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Turkey's Not-Quite President

Selahattin Demirtas and the Evolution of Turkish Politics

Demirtas speaks during an election rally in Istanbul, August 3, 2014. Osman Orsal / Courtesy Reuters

In an election, coming in third place is rarely cause for celebration. But for Selahattin Demirtas, the charismatic and telegenic 41-year-old politician who ran in Turkey’s August 10 presidential election, it was. Nearly ten percent of Turkish voters cast their ballots for Demirtas, a Kurd. 

The Kurds are Turkey’s largest ethnic minority and are located predominately in the country’s southeast. They have struggled since the late twentieth century against the Turkish majority for increased autonomy and cultural and linguistic rights. Some have called for a separate Kurdish state. Others have fought for it: In the early 1980s, a number of Kurds formed a Marxist guerrilla force called the Kurdistan Workers Party, more commonly known as the PPK. Since then, the PPK, a recognized terrorist group, and the Turkish military have fought a brutal war in which more than 40,000 have been killed.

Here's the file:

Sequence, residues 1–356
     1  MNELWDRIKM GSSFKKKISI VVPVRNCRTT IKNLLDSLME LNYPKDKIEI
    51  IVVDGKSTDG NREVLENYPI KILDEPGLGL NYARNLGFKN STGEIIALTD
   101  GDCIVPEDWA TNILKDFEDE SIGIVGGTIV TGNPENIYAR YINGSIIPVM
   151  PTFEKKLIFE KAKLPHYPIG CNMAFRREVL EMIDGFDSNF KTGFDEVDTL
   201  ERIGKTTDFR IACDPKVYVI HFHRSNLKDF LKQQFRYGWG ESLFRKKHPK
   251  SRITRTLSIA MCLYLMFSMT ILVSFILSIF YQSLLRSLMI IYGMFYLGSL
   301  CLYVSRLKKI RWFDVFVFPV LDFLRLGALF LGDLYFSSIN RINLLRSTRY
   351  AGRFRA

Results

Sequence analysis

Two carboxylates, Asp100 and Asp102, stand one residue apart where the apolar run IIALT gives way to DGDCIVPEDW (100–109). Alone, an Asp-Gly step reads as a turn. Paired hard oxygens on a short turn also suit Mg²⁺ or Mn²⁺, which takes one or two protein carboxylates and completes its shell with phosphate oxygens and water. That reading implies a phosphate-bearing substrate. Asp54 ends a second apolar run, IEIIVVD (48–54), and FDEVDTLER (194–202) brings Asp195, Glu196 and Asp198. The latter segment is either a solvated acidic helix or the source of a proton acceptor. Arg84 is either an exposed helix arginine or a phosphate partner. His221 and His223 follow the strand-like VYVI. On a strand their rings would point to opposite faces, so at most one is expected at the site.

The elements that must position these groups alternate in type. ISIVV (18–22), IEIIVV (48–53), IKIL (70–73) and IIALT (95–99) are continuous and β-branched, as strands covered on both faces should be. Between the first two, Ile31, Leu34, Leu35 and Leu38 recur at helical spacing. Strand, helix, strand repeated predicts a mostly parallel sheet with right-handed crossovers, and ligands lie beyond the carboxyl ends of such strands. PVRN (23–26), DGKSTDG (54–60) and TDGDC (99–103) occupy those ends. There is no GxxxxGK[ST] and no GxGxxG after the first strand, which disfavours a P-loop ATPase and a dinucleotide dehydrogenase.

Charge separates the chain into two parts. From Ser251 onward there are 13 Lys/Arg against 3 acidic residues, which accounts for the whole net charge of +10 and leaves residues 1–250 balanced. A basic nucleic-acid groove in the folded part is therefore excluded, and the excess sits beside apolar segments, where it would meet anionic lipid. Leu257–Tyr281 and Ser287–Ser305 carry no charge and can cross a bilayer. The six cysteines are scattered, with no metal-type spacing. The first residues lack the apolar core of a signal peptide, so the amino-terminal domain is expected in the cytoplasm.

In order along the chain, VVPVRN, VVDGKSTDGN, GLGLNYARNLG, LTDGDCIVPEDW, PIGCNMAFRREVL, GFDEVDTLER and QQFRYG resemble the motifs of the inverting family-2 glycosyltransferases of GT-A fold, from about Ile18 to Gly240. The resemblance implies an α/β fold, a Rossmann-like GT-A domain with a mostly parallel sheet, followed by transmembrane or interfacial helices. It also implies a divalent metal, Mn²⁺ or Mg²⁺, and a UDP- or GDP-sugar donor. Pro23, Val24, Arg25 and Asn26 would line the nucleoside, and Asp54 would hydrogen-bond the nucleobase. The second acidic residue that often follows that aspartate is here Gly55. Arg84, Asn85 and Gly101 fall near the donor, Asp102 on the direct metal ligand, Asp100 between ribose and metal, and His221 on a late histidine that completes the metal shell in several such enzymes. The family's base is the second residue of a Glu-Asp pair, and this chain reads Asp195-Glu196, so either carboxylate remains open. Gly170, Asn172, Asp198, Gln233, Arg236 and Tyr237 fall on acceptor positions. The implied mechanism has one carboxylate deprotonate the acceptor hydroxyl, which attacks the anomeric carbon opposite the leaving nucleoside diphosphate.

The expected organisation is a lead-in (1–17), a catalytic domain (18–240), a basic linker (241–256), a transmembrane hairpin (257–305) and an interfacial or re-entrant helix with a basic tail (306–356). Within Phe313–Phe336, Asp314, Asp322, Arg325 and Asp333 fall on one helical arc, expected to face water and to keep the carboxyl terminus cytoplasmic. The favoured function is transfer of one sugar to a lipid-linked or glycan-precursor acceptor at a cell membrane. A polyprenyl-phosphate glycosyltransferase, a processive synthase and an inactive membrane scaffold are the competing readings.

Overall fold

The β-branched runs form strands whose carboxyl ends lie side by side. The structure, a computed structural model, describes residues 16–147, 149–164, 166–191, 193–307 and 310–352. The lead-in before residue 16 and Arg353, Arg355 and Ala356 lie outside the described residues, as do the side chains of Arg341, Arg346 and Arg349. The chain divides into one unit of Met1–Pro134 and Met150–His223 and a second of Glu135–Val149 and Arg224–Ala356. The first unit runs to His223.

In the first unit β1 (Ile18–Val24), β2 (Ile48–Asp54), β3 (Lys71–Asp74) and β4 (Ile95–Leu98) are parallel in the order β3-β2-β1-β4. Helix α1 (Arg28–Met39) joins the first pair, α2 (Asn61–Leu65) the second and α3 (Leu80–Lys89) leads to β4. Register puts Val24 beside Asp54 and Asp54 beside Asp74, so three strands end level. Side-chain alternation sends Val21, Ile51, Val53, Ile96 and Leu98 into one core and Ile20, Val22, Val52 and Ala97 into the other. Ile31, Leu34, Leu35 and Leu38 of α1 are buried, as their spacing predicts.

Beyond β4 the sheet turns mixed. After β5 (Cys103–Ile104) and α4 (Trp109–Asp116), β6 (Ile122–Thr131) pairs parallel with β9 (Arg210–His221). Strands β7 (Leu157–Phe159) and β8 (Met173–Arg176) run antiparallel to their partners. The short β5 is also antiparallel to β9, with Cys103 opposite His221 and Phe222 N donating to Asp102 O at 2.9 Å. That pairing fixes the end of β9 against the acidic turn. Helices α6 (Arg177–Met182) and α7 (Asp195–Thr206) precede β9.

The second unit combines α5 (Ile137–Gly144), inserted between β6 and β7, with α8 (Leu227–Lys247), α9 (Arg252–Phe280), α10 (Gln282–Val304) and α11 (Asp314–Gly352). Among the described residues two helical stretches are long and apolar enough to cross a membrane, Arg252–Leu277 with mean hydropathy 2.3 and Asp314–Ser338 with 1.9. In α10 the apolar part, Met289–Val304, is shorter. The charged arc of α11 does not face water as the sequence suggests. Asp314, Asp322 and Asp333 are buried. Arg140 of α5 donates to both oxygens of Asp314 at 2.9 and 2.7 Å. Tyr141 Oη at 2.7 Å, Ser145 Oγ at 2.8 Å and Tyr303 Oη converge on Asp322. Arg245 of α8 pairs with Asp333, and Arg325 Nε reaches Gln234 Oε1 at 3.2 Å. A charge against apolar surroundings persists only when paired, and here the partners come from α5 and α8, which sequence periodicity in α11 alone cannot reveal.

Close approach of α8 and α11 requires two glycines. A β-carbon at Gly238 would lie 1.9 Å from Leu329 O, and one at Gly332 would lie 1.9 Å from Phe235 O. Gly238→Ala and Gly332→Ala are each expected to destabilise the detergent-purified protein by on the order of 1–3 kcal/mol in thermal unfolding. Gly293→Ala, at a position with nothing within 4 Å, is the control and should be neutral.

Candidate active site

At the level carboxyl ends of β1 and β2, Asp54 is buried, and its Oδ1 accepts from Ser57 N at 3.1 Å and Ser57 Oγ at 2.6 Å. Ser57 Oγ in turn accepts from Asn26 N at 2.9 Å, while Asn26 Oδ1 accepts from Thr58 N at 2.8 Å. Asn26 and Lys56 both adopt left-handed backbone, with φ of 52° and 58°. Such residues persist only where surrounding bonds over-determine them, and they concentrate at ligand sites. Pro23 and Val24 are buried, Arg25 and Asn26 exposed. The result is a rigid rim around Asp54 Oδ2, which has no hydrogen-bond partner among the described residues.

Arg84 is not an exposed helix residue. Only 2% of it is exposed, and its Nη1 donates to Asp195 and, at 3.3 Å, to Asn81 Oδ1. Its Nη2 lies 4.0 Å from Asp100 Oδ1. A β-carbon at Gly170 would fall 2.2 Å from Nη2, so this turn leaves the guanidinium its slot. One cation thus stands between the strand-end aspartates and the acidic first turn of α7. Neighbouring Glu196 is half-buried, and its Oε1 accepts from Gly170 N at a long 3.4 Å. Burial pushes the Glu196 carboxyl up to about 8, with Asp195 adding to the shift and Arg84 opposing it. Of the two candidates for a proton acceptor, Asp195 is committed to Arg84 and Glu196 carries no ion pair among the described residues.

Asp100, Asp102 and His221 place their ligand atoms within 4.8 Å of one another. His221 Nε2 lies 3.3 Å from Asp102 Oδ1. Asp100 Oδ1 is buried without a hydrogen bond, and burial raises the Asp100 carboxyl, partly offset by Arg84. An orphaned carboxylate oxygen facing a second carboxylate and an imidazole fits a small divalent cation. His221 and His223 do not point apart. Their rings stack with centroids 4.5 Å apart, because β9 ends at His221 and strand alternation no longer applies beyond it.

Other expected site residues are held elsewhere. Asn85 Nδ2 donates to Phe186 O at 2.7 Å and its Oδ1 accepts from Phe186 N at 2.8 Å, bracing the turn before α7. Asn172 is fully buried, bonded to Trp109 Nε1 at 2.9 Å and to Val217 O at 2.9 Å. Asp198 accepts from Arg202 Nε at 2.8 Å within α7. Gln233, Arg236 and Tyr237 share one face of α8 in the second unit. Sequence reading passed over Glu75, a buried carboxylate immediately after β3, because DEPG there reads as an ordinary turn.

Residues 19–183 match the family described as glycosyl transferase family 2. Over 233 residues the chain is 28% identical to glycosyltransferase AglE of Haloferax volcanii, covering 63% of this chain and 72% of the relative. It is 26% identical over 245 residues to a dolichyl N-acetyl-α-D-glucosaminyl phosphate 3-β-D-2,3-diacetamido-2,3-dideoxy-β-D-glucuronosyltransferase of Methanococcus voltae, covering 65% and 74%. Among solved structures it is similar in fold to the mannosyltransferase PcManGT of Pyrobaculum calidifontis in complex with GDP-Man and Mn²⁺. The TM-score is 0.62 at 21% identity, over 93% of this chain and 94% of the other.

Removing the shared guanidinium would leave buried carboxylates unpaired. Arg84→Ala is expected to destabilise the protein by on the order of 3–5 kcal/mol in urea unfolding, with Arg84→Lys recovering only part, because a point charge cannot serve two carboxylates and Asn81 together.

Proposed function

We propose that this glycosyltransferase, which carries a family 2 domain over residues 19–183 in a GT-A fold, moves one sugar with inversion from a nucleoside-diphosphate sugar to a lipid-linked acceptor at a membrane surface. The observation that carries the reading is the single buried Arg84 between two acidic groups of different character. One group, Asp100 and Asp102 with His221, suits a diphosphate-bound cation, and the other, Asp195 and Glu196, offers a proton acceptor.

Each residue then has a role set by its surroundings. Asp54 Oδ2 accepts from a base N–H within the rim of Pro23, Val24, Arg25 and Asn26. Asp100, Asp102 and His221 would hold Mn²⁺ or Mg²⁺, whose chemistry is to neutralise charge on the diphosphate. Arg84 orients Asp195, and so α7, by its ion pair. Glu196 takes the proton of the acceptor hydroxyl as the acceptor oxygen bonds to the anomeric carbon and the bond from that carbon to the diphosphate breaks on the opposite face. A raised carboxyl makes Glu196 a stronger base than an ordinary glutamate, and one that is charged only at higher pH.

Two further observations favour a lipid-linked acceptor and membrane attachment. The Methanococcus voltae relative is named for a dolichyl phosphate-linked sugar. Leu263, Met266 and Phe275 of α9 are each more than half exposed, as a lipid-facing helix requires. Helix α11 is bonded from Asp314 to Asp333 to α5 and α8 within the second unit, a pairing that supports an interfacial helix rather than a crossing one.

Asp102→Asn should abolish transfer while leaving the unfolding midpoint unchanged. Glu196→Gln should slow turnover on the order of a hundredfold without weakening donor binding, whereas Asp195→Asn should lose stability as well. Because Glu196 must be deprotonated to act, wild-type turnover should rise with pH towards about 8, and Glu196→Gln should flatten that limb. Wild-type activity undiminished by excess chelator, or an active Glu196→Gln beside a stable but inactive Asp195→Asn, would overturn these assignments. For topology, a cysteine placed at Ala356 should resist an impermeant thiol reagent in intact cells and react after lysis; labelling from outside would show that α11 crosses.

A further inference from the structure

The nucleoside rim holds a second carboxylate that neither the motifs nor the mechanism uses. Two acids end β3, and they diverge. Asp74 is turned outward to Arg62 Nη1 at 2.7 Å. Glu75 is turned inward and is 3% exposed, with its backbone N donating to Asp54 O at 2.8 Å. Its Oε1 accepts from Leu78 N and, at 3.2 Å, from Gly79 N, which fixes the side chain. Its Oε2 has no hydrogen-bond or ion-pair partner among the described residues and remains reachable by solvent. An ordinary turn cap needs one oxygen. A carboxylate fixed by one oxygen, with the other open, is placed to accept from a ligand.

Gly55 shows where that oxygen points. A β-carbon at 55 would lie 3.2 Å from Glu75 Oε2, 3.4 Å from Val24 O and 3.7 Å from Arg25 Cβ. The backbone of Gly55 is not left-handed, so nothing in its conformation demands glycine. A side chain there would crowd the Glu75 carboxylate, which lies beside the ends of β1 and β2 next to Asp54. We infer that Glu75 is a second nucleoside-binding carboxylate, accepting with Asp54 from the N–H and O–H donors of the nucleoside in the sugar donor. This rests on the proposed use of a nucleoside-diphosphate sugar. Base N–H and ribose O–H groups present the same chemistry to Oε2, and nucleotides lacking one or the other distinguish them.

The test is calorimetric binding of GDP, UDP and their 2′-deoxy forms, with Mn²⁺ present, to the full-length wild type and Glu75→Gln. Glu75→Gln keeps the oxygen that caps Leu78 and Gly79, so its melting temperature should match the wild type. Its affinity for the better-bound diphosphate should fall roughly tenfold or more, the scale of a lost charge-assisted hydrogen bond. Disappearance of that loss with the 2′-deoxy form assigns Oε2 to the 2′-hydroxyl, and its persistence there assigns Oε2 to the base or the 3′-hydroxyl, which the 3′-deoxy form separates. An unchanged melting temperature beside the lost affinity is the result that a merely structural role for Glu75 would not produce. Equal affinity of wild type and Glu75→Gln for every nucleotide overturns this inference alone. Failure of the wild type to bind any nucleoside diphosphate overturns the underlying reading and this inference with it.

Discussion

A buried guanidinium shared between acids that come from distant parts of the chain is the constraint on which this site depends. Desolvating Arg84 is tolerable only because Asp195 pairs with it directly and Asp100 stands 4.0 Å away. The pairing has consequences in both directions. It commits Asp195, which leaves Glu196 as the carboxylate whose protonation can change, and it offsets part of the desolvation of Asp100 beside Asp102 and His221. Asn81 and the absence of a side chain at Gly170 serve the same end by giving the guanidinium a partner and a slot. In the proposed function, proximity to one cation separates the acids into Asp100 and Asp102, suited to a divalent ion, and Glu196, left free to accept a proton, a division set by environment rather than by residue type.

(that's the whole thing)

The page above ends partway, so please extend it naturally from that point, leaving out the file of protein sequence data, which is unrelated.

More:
Although the Kurds have secured increased rights

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